Do You Have the 5 Intangibles of Leadership?

fiveSeveral years ago, Richard Davis published The Intangibles of Leadership: The 10 Qualities of Superior Executive Performance. It seeks to answer the question: what is the real difference between competent leader and extraordinary executive? Is it pedigree, experience, intelligence? The answer is yes...and much more. Based on this research and as part of his GLS 2015 opening talk, Bill Hybels gives us a condensed version with these five intangibles that bridge the gap from competent to extraordinary.

Do you have "grit"?

What is grit, you ask? It is a passion & perseverance over the long haul. It is an unremitting long term tenacity. Gritty people believe to the core of their being that they can complete the challenge before them. Think Lincoln. Think Ghandi. Think Mandela. Think MLK.

The archenemy of grit?  Ease. The development of grit demands a degree of difficulty - so all you helicopter parents out there that are trying to make sure your child has a happy and stressfree life... you are doing them no favors. In addition to mental and emotional grit, elite leaders have figured out overcoming physical challenges through rigorous sport contributes to grit. Richard Branson has attempted to navigate the Atlantic in a powerboat, cross the Pacific in a hot air balloon and leap into thin air on a skydiving expedition. The boat sank, the balloon caught on fire and, during his skydiving freefall, Branson pulled the wrong release tag, jettisoning his parachute.

When senior leaders develop grit, it makes the whole organization gritty

Are you self-aware?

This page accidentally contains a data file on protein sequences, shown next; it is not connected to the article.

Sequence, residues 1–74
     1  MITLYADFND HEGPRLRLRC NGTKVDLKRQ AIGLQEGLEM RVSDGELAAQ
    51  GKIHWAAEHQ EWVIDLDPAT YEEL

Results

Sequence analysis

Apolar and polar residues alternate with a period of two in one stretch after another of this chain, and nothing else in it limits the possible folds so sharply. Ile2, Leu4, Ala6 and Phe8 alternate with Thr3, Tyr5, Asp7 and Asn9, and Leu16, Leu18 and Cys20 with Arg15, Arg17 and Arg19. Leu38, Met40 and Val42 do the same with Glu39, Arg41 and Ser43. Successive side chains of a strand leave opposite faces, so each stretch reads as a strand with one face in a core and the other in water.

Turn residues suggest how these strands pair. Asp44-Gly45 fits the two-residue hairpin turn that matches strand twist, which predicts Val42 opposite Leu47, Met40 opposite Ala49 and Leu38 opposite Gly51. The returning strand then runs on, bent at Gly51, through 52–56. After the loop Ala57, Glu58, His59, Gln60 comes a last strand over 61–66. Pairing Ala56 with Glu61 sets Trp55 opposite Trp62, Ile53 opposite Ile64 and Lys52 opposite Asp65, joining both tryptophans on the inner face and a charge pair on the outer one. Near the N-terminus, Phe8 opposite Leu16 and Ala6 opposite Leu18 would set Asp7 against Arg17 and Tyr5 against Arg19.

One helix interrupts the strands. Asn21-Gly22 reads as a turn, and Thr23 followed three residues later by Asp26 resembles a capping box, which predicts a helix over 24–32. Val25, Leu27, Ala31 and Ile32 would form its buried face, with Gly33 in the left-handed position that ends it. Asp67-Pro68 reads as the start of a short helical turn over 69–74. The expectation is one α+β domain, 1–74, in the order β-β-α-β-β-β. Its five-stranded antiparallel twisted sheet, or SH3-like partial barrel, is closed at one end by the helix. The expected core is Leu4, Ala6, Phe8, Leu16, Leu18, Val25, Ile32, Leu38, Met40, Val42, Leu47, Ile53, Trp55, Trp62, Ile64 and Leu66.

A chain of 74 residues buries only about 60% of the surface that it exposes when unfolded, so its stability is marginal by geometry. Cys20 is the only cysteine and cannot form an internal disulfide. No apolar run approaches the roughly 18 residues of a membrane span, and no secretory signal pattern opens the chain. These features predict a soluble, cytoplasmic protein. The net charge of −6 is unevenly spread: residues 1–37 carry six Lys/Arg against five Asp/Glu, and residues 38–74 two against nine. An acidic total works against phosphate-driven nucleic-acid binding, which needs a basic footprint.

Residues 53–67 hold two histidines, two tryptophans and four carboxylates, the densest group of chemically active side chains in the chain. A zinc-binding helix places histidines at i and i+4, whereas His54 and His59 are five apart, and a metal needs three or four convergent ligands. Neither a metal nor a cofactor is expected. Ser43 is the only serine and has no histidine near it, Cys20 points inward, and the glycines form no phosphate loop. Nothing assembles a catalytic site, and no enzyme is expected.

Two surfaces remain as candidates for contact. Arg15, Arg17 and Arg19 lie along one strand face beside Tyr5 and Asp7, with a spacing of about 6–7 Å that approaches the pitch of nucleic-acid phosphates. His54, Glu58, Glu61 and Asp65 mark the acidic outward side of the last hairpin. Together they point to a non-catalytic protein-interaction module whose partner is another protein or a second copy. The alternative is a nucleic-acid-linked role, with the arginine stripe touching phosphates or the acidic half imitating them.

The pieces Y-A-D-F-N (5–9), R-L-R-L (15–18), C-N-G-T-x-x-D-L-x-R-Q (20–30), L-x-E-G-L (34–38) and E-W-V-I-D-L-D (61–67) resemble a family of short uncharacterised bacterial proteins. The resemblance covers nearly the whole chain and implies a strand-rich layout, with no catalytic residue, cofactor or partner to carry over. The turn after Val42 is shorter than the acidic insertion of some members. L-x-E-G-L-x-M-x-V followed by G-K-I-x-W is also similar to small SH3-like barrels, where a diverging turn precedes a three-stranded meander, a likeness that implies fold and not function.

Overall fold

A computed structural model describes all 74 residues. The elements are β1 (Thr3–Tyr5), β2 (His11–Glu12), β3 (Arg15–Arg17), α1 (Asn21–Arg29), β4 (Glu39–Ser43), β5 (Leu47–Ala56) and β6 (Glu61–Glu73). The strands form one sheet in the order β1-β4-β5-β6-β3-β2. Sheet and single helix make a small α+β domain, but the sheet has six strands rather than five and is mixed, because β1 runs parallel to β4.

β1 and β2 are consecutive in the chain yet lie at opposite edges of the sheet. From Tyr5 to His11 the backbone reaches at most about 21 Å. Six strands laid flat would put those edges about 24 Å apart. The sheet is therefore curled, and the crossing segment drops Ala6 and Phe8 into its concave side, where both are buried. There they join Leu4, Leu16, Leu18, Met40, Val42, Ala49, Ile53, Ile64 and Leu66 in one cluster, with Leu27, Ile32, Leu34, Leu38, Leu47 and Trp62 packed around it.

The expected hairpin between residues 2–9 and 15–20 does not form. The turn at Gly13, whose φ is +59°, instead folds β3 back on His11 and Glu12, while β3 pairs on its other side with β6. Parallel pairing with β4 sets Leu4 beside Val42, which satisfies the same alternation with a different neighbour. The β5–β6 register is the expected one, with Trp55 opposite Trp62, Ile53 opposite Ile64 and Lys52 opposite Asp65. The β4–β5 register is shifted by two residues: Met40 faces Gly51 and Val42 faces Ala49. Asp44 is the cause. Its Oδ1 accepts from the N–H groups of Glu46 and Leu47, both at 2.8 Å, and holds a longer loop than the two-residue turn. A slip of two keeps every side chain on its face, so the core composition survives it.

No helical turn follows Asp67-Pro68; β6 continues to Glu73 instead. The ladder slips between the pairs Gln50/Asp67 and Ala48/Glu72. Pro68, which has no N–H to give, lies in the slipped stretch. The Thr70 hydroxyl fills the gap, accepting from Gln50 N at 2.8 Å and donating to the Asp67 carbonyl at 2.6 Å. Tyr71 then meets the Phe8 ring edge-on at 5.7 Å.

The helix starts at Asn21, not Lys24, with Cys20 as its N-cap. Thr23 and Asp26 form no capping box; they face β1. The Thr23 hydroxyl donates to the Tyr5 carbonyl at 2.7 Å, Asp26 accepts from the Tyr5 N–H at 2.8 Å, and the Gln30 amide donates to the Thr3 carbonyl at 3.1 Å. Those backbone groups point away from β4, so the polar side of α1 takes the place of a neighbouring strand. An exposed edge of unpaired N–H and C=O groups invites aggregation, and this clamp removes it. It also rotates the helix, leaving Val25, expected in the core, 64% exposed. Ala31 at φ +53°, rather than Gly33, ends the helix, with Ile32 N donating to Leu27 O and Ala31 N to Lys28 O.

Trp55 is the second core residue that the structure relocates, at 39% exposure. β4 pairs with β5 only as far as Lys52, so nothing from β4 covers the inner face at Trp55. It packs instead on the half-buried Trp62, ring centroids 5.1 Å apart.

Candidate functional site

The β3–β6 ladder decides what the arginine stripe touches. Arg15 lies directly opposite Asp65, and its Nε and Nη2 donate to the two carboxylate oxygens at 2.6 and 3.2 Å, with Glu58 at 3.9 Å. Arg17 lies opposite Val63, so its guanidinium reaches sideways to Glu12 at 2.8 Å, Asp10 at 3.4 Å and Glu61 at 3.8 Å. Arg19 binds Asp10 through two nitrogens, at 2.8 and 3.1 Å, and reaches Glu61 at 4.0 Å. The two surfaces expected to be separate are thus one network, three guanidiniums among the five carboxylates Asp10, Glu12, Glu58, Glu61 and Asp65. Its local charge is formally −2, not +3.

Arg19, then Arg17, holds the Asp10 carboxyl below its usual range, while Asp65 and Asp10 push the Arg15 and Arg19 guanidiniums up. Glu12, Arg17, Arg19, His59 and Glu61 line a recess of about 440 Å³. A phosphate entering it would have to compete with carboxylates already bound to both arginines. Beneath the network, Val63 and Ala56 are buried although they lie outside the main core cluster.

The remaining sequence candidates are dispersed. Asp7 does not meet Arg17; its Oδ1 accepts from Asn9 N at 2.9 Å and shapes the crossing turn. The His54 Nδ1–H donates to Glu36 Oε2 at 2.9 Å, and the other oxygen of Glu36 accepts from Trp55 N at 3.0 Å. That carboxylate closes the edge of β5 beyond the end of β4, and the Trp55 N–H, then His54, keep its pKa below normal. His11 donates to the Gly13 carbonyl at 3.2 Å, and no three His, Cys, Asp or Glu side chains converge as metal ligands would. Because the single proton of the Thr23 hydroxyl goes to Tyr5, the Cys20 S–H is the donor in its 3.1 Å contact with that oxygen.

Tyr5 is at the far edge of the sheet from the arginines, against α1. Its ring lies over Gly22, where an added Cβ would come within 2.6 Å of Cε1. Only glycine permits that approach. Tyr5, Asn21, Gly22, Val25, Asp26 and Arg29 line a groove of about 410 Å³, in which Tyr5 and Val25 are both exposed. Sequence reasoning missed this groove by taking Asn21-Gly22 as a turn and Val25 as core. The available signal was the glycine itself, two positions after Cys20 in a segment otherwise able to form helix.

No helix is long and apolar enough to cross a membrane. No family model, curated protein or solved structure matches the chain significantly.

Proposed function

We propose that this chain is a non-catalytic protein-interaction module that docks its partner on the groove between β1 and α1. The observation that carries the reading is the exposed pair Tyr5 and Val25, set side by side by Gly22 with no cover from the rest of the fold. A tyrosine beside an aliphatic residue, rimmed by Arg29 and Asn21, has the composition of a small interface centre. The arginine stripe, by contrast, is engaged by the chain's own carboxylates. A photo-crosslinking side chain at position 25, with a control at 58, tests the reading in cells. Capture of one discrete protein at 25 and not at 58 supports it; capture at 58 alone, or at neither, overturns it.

When you read about a meltdown in an organization, it's usually based on a lack of awareness on behalf of the leader. It starts with blindspots. Raise your hand if you think your boss has some blindspots. Raise your hand if you think you do.

See, there's the problem. Most if not all of you raised your hand for the first question but not the second. Well, then, just who are these blind-spotted leaders, then, if not you? A blindspot is something you think you do well, but everyone else knows you don't. Average blindspot per leader? 3.4

The simplest way to combat blindspottedness is to ask those close to you. Trust me, they'll be prepared with an answer. I asked my husband. He's still working on the list. Another way is to do a deep dive self-examination to understand how your past is affecting the decisions you are making today. How are your decisions tethered to an unaware driver? Who are you trying to prove yourself to? What fears have you not faced?

Be prepared to face the brutal, honest truth in order to release yourself.

Are you resourceful?

Or asked another way, are you an agile learner?  Agile learners are quick learners - and quick learners grow fast. They stay with a problem until they figure it out. Think about the Wright Brothers. They experimented. They failed. They made adjustments. They failed. And then, they figured it out. The primary way that resourcefulness gets develop is to put yourself in situations that are confused and broken, and figure out a way to make it work.

If you want to see who in your organization is resourceful, identify real problems that need solving and assemble small task forces of young leaders to tackle the problems.

Are you self-sacrificing?

Here I continue my quest to make "love" an acceptable word in the workplace. Do you love the people you lead? Do you make it personal? Vision is not the core of leadership. Neither is problem-solving. Or strategy. Self-sacrificing love is. It melds and molds groups of people into a compassion-filled, service-focused organization. In a time when trust is low and cynicism is high, altruistic love, deep personal concern, must start with the senior leader. Demonstrating love to your colleagues humanizes your culture.

Are you infusing a sense of meaning in the life of your colleagues?

Remember Simon Sinek? His TED Talk, "How Great Leaders Inspire Action" has a simple but powerful model for inspirational leadership all starting with the question "Why?" Be a CMO - a Chief Meaning Officer - to help your team understand the why behind the "what" and the "how" of their daily work life. Understand what your "white-hot why" is... what moves you, what drives you, what fuels you to greater heights. Then go help your team find theirs.

 

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